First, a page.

From Bill Clinton To Harvey Weinstein: How American Culture Is Becoming More Shame-based

In his Nov. 18, 2017 New York Times article, What if Ken Starr Was Right?, Ross Douthat, writes, “(According to Clinton’s supporters)… our 42nd president was only guilty of being a horndog, his affairs were nobody’s business but his family’s, and oral sex with Monica Lewinsky was a small thing that should never have put his presidency in peril.”

I doubt if, deep inside, many of the above supporters didn’t think that President Clinton had committed an immoral act. Yet, at the same time, they felt that “the effort to impeach him was a hopeless attempt to legislate against dishonor.” Again, Mr. Ross says,

That narrative could not survive the current wave of outrage over male sexual misconduct. So now a new one may be forming for the age of Harvey Weinstein and Donald Trump. In this story, Kenneth Starr and the Republicans are still dismissed as partisan witch hunters. But liberals might be willing to concede that the Lewinsky affair was a pretty big deal morally, a clear abuse of sexual power, for which Clinton probably should have been pressured to resign.

aggression-683910__340A question we should ask is, what changed? What is this new narrative that now says, “the Lewinsky affair was a pretty big deal”? To me, this new narrative is written by the social media community, which is using shame as a means to control those within her boundaries.

Here I need to explain what I mean by shame brought about by a community, or as it’s called a shamed-based community. The phrase “shame culture” was coined by Ruth Benedict in her book, The Chrysanthemum and the Sword, where she described American culture as a “guilt culture” and Japanese culture as a “shame culture.”

A shame-based culture (Sometimes called shame/honor base) consists of a community where a continually reinforced feeling of shame and ostracism is used as the main instrument to control the people within that community. In those societies, a person is punished by coming short of the standard which her people have collectively chosen to be the norm. The punishment for acting against the norm is being shamed and shunned. As David Brooks puts it, “The desire to be embraced and praised by the community is intense. People dread being exiled and condemned. Moral life is not built on the continuum of right and wrong (As in a guilt base culture); it’s built on the continuum of inclusion and exclusion.”

Having been born and raised in Iran, I didn’t just study the shame culture, I lived in it for 19 years. After living in the guilt-based culture of America for almost 50 years, I still have nightmares about being exiled and condemned instead of being praised and embraced (honored) by my old Persian community. That’s because in that culture everybody is constantly living in fear of being at the mercy of a moral system based on inclusion and exclusion. There are no clear standards, just the shifting judgment of the crowd. It is a culture that compels all her members to just go along. By the way, that’s why I wrote my book, Shame On You.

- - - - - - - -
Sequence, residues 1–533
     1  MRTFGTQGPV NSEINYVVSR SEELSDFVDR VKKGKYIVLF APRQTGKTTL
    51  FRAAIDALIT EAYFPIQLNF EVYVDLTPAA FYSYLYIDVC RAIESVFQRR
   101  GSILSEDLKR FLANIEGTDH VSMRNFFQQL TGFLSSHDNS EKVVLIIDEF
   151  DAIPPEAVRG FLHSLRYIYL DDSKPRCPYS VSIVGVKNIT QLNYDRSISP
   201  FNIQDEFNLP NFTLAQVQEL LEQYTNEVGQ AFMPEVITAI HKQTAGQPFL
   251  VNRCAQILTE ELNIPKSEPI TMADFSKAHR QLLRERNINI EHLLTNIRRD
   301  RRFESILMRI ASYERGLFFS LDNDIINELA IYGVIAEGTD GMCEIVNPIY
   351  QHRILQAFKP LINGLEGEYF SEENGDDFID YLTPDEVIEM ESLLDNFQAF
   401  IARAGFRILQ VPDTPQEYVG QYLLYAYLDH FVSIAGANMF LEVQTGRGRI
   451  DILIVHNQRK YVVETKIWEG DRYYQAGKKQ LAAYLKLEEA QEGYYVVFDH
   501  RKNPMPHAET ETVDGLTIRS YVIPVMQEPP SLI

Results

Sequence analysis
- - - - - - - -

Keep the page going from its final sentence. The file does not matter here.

For the last 15 years I’ve been teaching on shame and honor. And for that many years, I was sensing a shift in the American culture, but I couldn’t put it to words. I could sense that the younger generation was tilting more towards a culture of shame, but couldn’t quite see, or name the nuts and bolts that were creating such a society. Then, last year, I read Andy Crouch’s essay, The Return of Shame.

According to Andy, this above society is social media and the nuts and bolts are Facebook, Instagram, Twitter, etc.. The shame-based community of social media is the community of “constant display and observation” where the desire to be embraced and praised by the community is intense. People dread being exiled and condemned. Moral life is not built on the standard of right and wrong, but a standard of acceptance and rejection. By the way, how many Facebook “Likes” did you get on your last post?

In this community, each tribe demands instant respect and recognition for their group. They react with intense violence toward those who dare to disrespect the community by questioning their codes of conduct on some biblical values. As Crouch argues, the ultimate sin today, is to criticize a group, especially on moral grounds. Talk of good and bad has deferred to talk about respect and recognition. Crouch writes, “Talk of right and wrong is troubling when it is accompanied by seeming indifference to the experience of shame that accompanies judgments of ‘immorality.’”

Crouch calls the social media community a “fame” culture rather than a “shame” culture. Again, he correctly argues that this shame culture is different from the traditional shame cultures, of many third-world nations, for example. In traditional shame cultures the opposite of shame was honor or “face” — being known as a dignified and upstanding citizen. In the new shame culture, the opposite of shame is fame — to be attention-grabbing and aggressively unique on some media platform (Aka the Kardashians).

Going back to my original question, “What is this new narrative that now says, ‘the Lewinsky affair was a pretty big deal?’” As David Brooks puts it, it was “The shifting fancy of the crowd” and not a moral awaking. The community, in this case, “#me too” established a set of common behavior patterns. Then, the enforcers within the tribe went after everyone who broke the group code. Maybe Clinton’s supporters were correct—you can’t legislate against dishonor. But you can establish a culture where its enforcers can come after you when you break their codes of conduct. And this my friend, has all the nuts and bolts of a shame-based culture.

Please don’t misunderstand me. I’m delighted that almost every day more women are coming out to name their abusers and shame these predators. However, having experienced both cultures, I much rather live in a guilt-based culture where my identity is built on a moral code of right and wrong. It’s much less stressful. But here, all I’m talking about is a shift in the culture. If, along with many others, what I’m saying is true and there’s a cultural shift in the wind, then what is the church’s place in such a community?

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More Than Numbers: Church As Positive Culture Impact…

churchBy Phil Wyman

I’ve known Phil for many years. In fact, about 30 years ago, he was one of the first English speaking pastors who invited me to speak at his church. These past a few years, we both have had our share of woes, which mostly steamed out of being misunderstood. So, a couple of weeks ago, when talking on the phone, he mentioned some of the the stuff in the following post, I knew I had to have in prints–SHAH